Holy crap. Listen, here’s the deal. If you’ve got that kind of money to blow, send it to my PayPal account and then go watch Spongebob Squarepants. Your book sales will be about the same as spending it on one of these publishing deals, except I’ll gladly make you some chocolate chip pancakes that you can enjoy while watching Spongebob. Seriously, if you’ve got that amount of money, stick it in a CD or something and let it work for you. You’ve got some work of your own to do, and it’s something none of these vanity press places can or will do for you.
You can do by yourself just about everything any of these companies can do and reap three vital benefits: control of critical things like pricing, getting a bigger cut of the royalties, and saving your freakin’ money. If you publish direct via Amazon’s Kindle publishing platform, Barnes & Noble’s Pubit service, and Smashwords, you’ll have 95% of ebook market covered; for print use CreateSpace or Lightning Source to get your books to the big online retailers (note: forget bookstores, you can’t offer print books at a sufficient margin for them to make the sort of profit they want).
For those things you may not feel like you can do yourself, like cover art or formatting, or even the whole process of taking your manuscript and getting it published, there are whole cottage industries out there with people who can help you do those things a la carte, and most will cost you a lot less (sometimes even free) than even the $300-400 base package cost offered by a lot of these services, and you’ll still have full control and a full cut of the royalties.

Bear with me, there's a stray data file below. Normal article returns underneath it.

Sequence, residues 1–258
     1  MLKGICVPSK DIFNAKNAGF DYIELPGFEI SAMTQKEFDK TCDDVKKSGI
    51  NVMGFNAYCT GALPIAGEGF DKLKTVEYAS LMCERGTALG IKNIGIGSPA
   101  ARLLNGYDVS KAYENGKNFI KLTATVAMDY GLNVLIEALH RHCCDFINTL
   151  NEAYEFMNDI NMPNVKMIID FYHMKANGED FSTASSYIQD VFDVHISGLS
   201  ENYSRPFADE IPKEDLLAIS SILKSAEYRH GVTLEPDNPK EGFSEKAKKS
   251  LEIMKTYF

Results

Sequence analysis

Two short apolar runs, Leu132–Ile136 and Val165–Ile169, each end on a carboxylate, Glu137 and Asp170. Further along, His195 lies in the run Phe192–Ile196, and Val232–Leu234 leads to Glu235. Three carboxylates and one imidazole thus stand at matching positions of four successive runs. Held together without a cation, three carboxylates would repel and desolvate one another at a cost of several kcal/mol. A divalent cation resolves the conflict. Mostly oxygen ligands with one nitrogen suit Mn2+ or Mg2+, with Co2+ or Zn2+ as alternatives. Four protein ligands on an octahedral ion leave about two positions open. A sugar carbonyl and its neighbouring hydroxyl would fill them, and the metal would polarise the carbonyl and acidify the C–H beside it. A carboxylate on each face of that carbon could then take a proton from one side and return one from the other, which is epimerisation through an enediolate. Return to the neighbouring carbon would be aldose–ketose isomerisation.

“But hey, these vanity press companies do press releases and other stuff!” If you want to do press releases, you can do those yourself, free. Personally, though, I’ve tried them and I don’t think they’ll do a thing unless, like any other part of your marketing strategy, you do them consistently over a long period of time. That’s what I do on Twitter and Facebook (and should be doing on Google+), and with work and time it’s paid off very handsomely. But that’s the thing: marketing and promotion is something you, the author, have to work on every single day. None of the stuff that these places offer will ever take the place of that, no matter how much money you shovel in their direction.
Listen, I know several authors personally who’ve locked themselves into deals with these companies where their books are priced way out of the market, and they’re stuck until the terms of the agreement run out. On top of that, they’ll have to sell thousands of books to have any hope of even recouping the cost of what they spent on their publishing package. It’s really outrageous.
To me, that’s really the bottom line, and why these things are called “vanity press” – if you want your book published, you pay somebody to do it and it’s done. You spent a bunch of money to “become an author”. Congratulations.
But if you want to do this for a business, to make real money at it, what you don’t want is to a) have to pay a bucket of money up front after you’ve done most of the hard work writing the book to begin with, and b) to have someone else skimming a big chunk of whatever royalty you might get from what are almost always grossly overpriced books (which, by the way, won’t sell worth a dang because nobody is willing to pay that much past your immediate family and friends).
So, when it comes to going with one of these places like AuthorHouse, my recommendation is, as Arnold Schwarzenegger might say, “Don’t do dat.” Do your homework on the web about true self-publishing, figure out those things like cover art that you need someone else to do, and spend your precious cash on those things while reaping the greatest long-term financial rewards for yourself.